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Economist

Infrastructure: Back on track

April 11, 2013

Bulky and cheap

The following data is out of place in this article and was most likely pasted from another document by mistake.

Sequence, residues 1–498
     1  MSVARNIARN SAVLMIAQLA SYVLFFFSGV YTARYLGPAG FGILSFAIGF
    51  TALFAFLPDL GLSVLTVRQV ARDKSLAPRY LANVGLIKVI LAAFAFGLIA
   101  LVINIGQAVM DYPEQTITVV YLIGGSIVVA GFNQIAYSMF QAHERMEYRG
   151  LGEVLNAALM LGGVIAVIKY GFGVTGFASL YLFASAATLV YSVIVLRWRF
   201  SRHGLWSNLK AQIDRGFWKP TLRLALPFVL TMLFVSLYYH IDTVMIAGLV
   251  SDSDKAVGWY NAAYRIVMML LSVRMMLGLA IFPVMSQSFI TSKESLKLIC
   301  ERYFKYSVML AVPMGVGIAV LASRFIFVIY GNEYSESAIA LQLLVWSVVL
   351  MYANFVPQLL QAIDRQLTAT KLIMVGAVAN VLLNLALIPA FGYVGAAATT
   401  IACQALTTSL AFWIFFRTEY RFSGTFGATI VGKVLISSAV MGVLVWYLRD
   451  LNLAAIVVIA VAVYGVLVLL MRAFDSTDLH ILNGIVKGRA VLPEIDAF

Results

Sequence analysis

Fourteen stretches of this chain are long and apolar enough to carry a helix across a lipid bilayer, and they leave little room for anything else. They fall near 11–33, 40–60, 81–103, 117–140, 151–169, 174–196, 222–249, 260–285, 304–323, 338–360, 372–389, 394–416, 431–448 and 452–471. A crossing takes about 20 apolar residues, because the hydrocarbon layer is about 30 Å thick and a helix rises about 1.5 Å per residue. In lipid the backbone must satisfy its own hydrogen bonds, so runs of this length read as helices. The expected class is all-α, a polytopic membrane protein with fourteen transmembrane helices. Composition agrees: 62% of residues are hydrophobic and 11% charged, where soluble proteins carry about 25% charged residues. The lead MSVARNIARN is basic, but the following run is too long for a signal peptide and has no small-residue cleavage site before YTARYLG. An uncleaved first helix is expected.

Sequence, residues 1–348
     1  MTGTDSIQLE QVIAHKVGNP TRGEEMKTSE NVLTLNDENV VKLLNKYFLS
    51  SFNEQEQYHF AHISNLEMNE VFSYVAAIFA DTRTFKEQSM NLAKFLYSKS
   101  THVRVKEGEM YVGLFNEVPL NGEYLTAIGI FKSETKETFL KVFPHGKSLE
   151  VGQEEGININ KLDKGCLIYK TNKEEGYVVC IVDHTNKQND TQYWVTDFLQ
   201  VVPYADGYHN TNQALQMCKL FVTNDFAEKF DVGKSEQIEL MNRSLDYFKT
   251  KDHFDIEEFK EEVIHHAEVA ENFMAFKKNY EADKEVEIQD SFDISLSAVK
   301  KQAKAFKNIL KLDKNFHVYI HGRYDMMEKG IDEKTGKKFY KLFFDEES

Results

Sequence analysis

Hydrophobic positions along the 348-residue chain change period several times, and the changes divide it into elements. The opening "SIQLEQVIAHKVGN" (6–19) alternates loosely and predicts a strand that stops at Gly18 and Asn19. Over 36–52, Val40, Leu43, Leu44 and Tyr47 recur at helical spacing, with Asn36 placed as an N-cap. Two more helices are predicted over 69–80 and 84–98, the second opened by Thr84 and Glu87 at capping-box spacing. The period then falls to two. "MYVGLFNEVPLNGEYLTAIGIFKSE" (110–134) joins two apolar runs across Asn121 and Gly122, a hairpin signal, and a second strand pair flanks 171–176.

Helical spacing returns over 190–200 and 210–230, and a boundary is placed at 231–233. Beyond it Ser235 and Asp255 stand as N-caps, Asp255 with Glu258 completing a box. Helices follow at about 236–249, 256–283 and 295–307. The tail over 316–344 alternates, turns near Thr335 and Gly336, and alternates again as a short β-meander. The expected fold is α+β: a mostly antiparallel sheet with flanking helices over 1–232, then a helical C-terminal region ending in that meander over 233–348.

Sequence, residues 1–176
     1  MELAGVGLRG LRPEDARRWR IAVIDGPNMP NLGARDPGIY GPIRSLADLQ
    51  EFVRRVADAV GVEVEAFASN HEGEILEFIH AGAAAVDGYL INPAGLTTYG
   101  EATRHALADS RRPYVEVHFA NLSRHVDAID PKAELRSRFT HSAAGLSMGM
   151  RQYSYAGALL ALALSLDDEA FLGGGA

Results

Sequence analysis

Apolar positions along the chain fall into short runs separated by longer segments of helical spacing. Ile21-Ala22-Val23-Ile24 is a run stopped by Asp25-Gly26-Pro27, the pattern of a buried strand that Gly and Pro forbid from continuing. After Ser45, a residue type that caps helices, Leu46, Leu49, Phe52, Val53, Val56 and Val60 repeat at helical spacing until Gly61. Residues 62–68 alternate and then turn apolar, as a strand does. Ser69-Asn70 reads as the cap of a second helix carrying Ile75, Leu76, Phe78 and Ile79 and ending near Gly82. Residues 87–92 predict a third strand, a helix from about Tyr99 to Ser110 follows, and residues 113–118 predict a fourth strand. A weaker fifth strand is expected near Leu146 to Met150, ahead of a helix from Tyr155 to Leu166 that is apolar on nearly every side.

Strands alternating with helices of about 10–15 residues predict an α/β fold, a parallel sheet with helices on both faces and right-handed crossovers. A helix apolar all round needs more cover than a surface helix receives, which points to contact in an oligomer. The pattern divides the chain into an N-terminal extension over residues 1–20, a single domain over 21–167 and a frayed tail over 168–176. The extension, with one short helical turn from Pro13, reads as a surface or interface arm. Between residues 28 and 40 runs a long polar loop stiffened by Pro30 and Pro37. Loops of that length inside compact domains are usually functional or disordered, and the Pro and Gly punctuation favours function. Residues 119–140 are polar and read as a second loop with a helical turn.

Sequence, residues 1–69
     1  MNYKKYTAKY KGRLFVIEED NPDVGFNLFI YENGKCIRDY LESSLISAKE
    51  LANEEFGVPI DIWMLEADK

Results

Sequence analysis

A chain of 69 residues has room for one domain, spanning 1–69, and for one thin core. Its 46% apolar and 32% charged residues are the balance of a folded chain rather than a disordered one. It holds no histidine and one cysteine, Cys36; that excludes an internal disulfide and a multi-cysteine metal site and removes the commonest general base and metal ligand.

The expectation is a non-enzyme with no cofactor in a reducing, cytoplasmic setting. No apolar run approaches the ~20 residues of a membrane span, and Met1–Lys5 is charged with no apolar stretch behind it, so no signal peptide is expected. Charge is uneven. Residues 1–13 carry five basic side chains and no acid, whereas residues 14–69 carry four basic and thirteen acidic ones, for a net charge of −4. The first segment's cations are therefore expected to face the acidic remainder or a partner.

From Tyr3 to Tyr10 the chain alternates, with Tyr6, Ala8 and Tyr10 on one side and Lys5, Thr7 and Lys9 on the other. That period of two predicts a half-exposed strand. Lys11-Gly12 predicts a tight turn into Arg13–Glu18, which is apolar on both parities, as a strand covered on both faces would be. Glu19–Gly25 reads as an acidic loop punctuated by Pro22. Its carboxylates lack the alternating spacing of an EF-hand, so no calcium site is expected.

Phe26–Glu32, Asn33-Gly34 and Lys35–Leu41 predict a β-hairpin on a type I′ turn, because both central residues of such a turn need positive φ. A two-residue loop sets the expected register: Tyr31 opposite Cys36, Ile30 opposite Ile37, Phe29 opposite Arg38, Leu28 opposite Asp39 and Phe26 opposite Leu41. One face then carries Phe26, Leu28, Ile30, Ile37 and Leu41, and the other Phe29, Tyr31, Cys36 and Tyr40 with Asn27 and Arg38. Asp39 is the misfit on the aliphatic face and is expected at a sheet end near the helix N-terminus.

EUROPEANS have long pitied Americans for their rotten passenger trains. But when it comes to moving goods America has a well-kept freight network that is the most cost-effective in the world. It is, however, a capital-intensive business. Since the Staggers Act of 1980 deregulated the sector (see chart below), rail companies have invested about 17% of their revenues in their networks. This is about half a trillion dollars of private money over the past three decades. Even the American Society of Civil Engineers, which howls incessantly (and predictably) about the awful state of the nation?s infrastructure, shows grudging respect for goods railways in a recent report.The downturn has actually helped propel capital spending on everything from tracks to IT. Last year $23 billion was spent, a record in real terms. The plan has been to modernise the network while business is relatively quiet and money is cheap. Railway firms thereby hope to find themselves in a better position to handle rising traffic in future. In 2009 Berkshire Hathaway, Warren Buffett?s investment firm, bought Burlington Northern Santa Fe, a railroad company...

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